I´ve actually decided to do a more thourough investigation into the area and its history, just as soon as I can find some time.

D.
 
A

Anonymous

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#22
Redhead666 said:
That's incredible!

I want something like that to happen to me!!
It feels a bit like being a barn-bred chicken looking out through the barn door for the first time and seeing the world outside, you know? You almost (but not quite) wish you´d never peeked.....:)

/D.
 

rynner2

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#23
Aouroborous said:
I´ve actually decided to do a more thourough investigation into the area and its history, just as soon as I can find some time.
Don't forget to let us know the results!

One thing I can say, regardless of the results, is that you'll find the search fascinating and informative anyway.
 

markbellis

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#24
The gas that was in your tank sounds like stale gasoline - there are photos in this link.

http://www.alpharubicon.com/altenergy/gaslifepal.htm

In the countryside in Canada, it's not at all unusual to see old gas pumps in the country on farms, machine shops and other places, even homes - I think that in earlier days people often kept their own supply of gas when they lived outside of cities. You might have just happened onto a place that had gone out of business and you were the last customer before they knocked it down.

Best,

Mark
 

Redhead666

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#25
Mark, I think he wrote that he returned on the same day to look for the station. How could it ( and all traces of it) have disappeared in that time frame? Impossible.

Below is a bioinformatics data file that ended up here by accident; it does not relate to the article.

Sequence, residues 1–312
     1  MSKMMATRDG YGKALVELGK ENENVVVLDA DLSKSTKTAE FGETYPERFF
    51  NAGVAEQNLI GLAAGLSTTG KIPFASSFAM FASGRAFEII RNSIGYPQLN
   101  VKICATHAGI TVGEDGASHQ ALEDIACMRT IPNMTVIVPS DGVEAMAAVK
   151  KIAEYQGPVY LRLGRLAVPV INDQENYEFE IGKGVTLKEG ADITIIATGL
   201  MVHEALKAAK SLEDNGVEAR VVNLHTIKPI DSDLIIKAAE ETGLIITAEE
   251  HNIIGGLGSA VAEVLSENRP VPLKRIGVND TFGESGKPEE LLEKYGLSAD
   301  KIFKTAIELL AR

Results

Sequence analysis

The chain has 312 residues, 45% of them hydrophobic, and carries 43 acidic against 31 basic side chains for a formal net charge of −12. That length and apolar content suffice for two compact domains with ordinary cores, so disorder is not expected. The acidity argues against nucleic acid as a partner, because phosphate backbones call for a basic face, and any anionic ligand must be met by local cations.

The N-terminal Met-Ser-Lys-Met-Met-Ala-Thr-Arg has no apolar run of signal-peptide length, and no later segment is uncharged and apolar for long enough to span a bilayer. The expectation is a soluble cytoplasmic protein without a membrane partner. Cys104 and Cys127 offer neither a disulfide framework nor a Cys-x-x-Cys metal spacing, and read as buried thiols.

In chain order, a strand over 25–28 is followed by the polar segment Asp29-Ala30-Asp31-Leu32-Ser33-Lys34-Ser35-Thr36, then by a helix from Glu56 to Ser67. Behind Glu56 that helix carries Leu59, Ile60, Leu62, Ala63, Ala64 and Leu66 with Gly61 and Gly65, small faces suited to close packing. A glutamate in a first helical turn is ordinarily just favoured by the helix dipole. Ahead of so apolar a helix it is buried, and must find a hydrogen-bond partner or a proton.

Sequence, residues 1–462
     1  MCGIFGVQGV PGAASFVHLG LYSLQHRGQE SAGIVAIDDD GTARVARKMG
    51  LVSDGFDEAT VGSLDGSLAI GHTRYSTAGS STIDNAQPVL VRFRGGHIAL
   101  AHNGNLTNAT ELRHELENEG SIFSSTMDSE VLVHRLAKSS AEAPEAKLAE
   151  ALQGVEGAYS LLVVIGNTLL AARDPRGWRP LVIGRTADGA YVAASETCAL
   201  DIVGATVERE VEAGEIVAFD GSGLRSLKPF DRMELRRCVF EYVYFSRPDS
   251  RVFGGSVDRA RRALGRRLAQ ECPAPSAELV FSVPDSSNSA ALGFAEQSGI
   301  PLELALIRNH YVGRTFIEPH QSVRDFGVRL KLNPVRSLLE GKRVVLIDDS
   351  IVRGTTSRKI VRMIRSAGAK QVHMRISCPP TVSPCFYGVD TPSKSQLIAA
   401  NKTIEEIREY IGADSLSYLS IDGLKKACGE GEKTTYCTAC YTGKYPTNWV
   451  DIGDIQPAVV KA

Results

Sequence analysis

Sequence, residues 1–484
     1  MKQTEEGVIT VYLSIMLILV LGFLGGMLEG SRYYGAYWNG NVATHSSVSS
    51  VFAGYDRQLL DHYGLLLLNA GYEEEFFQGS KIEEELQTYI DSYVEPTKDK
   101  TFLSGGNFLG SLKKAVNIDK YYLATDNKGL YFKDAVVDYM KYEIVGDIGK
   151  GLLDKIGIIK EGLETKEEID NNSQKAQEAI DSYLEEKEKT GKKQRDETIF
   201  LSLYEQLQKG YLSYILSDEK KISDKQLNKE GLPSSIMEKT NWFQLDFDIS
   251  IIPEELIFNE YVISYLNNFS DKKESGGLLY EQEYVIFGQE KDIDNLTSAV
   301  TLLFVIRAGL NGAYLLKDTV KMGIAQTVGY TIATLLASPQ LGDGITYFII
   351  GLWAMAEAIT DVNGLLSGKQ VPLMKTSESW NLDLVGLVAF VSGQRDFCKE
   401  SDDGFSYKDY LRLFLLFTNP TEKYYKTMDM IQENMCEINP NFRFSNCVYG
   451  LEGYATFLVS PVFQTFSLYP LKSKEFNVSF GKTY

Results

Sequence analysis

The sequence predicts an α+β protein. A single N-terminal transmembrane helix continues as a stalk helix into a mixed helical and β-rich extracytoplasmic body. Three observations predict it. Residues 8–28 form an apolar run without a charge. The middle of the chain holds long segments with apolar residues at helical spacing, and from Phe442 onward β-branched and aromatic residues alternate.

A

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#26
Redhead666 said:
Mark, I think he wrote that he returned on the same day to look for the station. How could it ( and all traces of it) have disappeared in that time frame? Impossible.
That is correct, although the observation Mark makes about small privately-owned fuel stations is interresting. It may explain why I can´t any gas station noted in the brief check of historical records I´ve made of the area.

The fact that it may have been stale petrol, may also be important somehow. Definitely worth keeping in mind! Thanks!

/D.
 
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#27
Fantastic post - brilliant story telling manner you write in!

Here's my thoughts when I read it....

I have always thought that just when you really really need something, someone / thing will make it turn up. It would never appear if you weren't desperate, but on those special rare occasions, something helps you out. (ummm... sorry, can't seem to explain what I want to say)

I think not necessarily a 'time-slip' but perhaps a group of 'universal watchers' who look out for people who need help. These 'watchers' saw you were running out of gas (or picked up the 'vibe' that you were), and so decided to place a petrol station just where you needed it; however these watchers decided that a brand spanking new petrol station would look out of place, so an old, weird guy with a home-style petrol pump would fit the surroundings best.

ummm... does this make sense? I suppose it could be a bit like harry Potter's 'room of requirement'...

It would be interesting to hear if anyone else in the world has been in a similar situation, and see if the description fits the man you saw...?!

Hope this makes sense; perhaps someone who's brain is working could interpret my reply!!

Cheers
 

rynner2

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#28
joelarkins1 said:
I have always thought that just when you really really need something, someone / thing will make it turn up. It would never appear if you weren't desperate, but on those special rare occasions, something helps you out.
There are also Guardian Angel stories who save people in much more dire situations than just 'running out of gas'!